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Navy certifies first female Steam Generating Plant Inspector

Chief Machinist’s Mate Mayra Hudgens, a Bronx, N.Y., native assigned to Mid-Atlantic Regional Maintenance Center, recently became the first female Sailor to earn the U.S. Navy’s Steam Generating Plant Inspector certification. Photo by Hendrick L. Dickson/U.S. Navy
Chief Machinist’s Mate Mayra Hudgens, a Bronx, N.Y., native assigned to Mid-Atlantic Regional Maintenance Center, recently became the first female Sailor to earn the U.S. Navy’s Steam Generating Plant Inspector certification. Photo by Hendrick L. Dickson/U.S. Navy

April 22 (UPI) -- A Mid-Atlantic Regional Maintenance Center sailor recently became the first woman certified as a Steam Generating Plant Inspector for the U.S. Navy, the service announced Thursday.

Marya Hudgens, a chief machinist's mate assigned to the MARMC Engineering Department's Steam and Propulsion Branch, completed the SGPI certification course after a lengthy process including screenings, shipboard qualifications and courses of knowledge.

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"When I was aboard USS Boxer as an E-5, this was a goal I set for myself," Hudgens said in a press release issued by the branch. "Everyone was telling me there had never been a female boiler inspector in the Navy. I remember saying, 'One day I'm going to be the first.'"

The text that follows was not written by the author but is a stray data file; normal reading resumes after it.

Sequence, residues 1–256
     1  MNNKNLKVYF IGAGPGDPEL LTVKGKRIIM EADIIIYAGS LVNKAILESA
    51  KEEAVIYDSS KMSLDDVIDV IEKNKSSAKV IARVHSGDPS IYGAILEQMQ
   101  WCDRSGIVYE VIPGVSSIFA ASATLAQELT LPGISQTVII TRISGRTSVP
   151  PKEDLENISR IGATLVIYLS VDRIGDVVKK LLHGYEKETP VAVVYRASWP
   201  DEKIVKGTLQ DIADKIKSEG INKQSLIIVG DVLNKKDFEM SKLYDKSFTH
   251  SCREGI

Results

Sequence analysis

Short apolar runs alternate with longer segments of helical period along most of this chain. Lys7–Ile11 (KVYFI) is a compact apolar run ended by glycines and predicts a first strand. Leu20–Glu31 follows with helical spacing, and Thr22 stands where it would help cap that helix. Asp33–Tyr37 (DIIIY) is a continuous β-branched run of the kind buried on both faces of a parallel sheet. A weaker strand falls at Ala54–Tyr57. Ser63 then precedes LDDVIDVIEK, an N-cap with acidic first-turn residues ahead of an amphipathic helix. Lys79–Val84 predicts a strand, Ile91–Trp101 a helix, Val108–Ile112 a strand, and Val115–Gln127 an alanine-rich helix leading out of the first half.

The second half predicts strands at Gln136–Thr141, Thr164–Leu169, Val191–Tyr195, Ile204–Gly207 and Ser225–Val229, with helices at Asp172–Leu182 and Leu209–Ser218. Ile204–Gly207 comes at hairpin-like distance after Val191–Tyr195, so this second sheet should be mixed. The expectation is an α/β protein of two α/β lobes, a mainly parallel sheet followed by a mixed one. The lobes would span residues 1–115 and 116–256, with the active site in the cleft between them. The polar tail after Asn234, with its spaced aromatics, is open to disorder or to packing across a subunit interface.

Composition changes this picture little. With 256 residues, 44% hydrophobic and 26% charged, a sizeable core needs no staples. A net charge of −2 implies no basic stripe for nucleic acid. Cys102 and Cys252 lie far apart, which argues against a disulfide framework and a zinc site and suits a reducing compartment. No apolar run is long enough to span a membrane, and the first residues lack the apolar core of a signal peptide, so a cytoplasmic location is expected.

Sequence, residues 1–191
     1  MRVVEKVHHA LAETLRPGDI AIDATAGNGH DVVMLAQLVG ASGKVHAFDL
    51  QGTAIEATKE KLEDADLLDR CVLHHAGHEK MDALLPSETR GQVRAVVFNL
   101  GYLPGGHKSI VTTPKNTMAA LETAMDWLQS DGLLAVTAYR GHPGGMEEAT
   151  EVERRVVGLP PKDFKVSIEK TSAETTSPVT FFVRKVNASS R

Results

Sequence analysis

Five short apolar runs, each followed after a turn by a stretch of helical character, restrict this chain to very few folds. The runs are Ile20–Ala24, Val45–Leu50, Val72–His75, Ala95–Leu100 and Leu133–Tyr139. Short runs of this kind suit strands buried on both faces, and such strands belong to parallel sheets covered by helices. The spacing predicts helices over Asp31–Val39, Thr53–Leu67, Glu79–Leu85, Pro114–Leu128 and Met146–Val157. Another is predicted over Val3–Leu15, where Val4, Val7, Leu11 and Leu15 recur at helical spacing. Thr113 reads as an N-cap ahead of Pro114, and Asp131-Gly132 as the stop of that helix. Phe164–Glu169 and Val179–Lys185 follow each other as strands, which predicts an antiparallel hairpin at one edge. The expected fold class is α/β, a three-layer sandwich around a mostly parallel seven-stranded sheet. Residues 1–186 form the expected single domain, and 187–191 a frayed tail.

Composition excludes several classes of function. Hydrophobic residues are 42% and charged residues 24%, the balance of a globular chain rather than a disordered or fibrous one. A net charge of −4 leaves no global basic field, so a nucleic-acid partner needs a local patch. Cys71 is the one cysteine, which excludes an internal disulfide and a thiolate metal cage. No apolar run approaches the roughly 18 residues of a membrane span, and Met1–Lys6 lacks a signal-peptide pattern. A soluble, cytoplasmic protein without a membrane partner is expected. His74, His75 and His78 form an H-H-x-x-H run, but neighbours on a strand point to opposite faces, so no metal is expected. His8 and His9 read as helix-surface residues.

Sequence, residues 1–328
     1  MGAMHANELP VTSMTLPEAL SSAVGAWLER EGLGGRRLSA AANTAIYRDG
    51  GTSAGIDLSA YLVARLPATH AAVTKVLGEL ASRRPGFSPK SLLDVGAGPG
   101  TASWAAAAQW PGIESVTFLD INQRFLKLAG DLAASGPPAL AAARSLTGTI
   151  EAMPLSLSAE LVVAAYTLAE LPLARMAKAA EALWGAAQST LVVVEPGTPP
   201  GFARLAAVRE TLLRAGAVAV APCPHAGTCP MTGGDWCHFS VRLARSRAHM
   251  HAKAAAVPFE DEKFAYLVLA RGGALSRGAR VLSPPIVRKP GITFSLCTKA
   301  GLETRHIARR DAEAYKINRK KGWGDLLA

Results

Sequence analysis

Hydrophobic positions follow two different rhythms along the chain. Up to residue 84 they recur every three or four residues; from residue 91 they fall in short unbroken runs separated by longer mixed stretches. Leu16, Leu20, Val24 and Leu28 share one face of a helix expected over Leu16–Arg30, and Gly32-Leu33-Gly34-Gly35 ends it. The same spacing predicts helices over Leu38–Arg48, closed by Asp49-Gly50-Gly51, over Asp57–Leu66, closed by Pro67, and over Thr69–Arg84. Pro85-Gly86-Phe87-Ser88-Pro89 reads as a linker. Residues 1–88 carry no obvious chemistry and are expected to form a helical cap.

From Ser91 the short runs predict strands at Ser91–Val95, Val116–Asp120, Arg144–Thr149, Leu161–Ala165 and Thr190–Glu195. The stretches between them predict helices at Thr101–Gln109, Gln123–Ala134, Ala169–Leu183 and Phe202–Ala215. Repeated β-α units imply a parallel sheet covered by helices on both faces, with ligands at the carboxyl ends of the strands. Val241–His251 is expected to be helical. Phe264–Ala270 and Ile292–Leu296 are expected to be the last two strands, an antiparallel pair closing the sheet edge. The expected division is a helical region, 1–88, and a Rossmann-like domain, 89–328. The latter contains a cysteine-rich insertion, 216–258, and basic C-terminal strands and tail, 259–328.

According to the Navy, there are more than 6,000 machinist mates in the service, but only about 25 certified SGPIs.

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SGPIs perform specialized tasks like inspecting material condition, monitoring general readiness, diagnosing improper operating procedures and detailing repairs of all marine main propulsion plant boilers and steam catapult accumulators.

According to Senior Chief Machinist's Mate Michael Barton, who is also assigned to the Steam and Propulsion Branch, the training program begins early in a sailor's career.

Sailors who show potential and interest are added to a list, which is whittled down before they make it to the final certification course.

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Hudgens, a 15-year veteran of the service, said she hopes her accomplishments will influence others to aim high.

"My hope is that by me achieving this, it will push more female machinist's mates to set their goals high and realize they could be doing the same thing that the guys are doing, if they work hard and don't give up," Hudgen said.

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